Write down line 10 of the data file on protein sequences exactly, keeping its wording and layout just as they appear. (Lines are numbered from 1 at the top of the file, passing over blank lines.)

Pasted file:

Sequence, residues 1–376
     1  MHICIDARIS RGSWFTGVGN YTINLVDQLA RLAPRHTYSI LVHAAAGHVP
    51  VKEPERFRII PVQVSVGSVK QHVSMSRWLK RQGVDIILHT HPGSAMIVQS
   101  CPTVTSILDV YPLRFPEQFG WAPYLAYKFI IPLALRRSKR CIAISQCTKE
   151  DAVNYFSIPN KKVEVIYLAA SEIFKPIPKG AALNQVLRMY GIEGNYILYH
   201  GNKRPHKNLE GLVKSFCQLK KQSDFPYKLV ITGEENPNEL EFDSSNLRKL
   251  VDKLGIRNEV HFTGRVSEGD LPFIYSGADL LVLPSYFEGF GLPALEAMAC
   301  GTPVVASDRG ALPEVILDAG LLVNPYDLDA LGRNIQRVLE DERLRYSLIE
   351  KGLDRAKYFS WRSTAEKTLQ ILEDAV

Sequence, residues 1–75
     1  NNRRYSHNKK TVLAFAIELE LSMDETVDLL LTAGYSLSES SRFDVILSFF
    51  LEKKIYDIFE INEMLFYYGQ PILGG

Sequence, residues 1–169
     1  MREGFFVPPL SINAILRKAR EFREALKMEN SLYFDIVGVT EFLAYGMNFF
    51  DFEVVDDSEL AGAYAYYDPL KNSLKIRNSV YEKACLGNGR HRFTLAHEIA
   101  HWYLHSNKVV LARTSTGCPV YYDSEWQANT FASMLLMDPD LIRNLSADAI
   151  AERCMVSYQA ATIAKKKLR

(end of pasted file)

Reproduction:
Sequence, residues 1–75